John Doerr wanted his new chief of staff to “leverage his time,” which he valued at $200,000 per hour. I liked John. People sometimes compare him to Woody Allen, because he has that strange mixture of nervous energy, nerdy charm, and awkwardness, though John was also an unapologetic salesman. His pitch to me: I would be senior to others in this role; Kleiner Perkins was one of the few VC firms with women, and he wanted to bring even more onboard; diversity was important to him.

In retrospect, there were some early warning signs, like when John declared that he’d specifically requested an Asian woman for my position. He liked the idea of a “Tiger Mom–raised” woman. He usually had two chiefs of staff at a time, one of each gender, but the male one seemed to focus mostly on investing and the female one did more of the grunt work and traveled with him. “There are certain things I am just more comfortable asking a woman to do,” John once told me matter-of-factly.

Pao goes on to describe how a short romantic fling with a co-worker — which she ended after discovering he was still married — led to a pattern of professional retaliation that Kleiner Perkins’ senior management either ignored or openly encouraged.  Pao explains how as a woman, she was expected to walk a tight rope of being neither too assertive nor too timid, and even still found herself being taken advantage of by male colleagues. Finally, Pao recounts her experiences on the witness stand, where her race and gender contributed to her being stereotyped by defense attorneys, juries, and the media as “distant” and “robotic”.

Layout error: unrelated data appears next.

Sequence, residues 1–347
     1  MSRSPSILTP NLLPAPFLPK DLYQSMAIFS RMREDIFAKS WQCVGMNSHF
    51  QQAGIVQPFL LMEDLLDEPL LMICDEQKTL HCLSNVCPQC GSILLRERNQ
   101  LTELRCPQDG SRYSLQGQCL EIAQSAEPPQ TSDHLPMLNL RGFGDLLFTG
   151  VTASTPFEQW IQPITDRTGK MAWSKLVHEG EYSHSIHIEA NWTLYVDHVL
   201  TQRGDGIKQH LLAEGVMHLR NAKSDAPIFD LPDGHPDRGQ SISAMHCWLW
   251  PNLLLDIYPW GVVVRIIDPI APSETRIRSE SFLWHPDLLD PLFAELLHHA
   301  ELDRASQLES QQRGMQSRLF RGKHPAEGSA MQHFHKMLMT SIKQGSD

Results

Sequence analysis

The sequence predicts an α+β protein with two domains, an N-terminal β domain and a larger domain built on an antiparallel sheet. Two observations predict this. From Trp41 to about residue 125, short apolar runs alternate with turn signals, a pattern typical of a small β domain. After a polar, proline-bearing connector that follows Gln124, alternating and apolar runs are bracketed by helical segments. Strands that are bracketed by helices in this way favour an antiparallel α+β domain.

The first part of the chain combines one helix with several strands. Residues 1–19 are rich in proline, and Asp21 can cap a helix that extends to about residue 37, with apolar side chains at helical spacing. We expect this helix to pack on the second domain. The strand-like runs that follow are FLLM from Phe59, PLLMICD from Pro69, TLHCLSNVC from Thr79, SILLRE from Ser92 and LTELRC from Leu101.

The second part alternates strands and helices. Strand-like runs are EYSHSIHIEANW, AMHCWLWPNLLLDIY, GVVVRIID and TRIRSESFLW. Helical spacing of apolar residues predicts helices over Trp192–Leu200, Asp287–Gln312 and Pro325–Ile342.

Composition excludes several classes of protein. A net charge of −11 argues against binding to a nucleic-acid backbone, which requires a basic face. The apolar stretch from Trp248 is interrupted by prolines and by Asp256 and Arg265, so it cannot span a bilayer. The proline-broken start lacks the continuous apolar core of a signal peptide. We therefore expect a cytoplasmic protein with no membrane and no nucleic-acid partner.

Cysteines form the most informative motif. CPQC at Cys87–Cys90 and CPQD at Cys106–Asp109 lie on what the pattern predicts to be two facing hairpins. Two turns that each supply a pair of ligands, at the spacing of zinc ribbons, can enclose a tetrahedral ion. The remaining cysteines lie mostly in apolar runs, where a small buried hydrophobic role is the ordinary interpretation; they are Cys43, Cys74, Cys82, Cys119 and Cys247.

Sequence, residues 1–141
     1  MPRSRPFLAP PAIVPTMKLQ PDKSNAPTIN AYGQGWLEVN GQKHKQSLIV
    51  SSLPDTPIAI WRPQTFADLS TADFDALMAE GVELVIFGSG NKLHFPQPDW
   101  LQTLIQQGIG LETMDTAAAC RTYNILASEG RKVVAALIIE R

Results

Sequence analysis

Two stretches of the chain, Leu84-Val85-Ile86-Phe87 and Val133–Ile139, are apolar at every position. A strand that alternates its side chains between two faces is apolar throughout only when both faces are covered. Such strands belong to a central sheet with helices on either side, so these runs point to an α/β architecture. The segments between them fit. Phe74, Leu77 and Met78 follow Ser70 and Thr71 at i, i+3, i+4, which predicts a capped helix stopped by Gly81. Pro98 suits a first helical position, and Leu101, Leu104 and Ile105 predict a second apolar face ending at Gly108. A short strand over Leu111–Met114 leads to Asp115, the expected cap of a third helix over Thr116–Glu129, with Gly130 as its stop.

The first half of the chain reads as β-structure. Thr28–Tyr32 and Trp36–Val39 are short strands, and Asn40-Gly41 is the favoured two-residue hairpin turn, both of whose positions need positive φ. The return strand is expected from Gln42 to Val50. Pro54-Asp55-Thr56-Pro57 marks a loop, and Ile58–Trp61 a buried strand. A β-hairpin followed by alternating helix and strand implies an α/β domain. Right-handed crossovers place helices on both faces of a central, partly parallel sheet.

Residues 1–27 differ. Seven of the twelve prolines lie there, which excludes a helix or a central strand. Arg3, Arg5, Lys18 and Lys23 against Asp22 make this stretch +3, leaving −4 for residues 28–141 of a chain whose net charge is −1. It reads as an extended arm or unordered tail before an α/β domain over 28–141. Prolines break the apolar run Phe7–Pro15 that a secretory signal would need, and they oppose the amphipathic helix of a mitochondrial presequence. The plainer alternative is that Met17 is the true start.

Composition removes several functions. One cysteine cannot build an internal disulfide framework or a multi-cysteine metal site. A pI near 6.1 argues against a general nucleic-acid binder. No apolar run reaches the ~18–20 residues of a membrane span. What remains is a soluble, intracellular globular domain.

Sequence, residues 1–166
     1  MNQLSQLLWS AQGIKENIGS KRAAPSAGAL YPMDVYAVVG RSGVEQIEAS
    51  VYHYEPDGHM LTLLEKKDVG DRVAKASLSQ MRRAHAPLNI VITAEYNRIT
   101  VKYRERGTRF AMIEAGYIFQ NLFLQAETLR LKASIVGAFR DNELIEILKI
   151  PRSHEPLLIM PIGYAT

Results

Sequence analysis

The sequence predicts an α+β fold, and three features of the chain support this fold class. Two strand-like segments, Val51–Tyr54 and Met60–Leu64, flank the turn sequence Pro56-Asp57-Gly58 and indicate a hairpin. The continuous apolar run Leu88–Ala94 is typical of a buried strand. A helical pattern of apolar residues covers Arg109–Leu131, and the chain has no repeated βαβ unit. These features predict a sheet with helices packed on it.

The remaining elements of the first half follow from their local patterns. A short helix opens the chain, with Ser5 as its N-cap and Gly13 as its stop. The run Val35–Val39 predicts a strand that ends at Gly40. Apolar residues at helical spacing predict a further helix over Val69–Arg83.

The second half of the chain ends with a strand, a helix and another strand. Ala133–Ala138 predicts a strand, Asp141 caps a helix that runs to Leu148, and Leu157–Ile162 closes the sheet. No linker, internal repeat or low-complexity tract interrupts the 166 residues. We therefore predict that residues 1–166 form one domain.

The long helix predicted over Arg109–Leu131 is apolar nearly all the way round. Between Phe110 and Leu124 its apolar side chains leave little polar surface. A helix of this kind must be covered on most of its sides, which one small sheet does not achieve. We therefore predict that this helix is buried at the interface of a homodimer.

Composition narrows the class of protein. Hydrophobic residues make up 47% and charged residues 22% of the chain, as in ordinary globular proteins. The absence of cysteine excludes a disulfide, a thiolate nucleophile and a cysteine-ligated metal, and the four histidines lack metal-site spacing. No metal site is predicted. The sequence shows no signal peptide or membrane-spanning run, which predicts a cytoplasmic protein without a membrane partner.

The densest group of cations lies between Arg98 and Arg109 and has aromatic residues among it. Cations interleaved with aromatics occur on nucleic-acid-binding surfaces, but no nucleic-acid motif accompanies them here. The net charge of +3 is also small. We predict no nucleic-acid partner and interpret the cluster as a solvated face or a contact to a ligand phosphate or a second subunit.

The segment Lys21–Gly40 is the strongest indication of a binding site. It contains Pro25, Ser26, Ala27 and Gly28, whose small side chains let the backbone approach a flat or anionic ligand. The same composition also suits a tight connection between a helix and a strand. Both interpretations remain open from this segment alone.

Silicon Valley’s seedy culture of sexual harassment and gender discrimination has been an undiscussed fact of the tech world for many years, but only recently have tech companies started facing the issue. Compelled by lawsuits like Pao’s, major tech companies have started to grapple with the toxic “frat party” culture of their work environments, which have contributed to the significant underrepresentation of women in the upper echelons of tech company management. Those numbers are even more appalling for women of colour. For example, as summarized in a recent guest post by Ju-Hyun Park here on Reappropriate, Asian American women represent 5% of workers in tech, but are significantly less likely to be promoted to management positions compared to white men, white women, or Asian American men.

Asian women are more underrepresented among executives at top tech companies compared to Asian men, or White men or women. (Photo credit: ASCEND)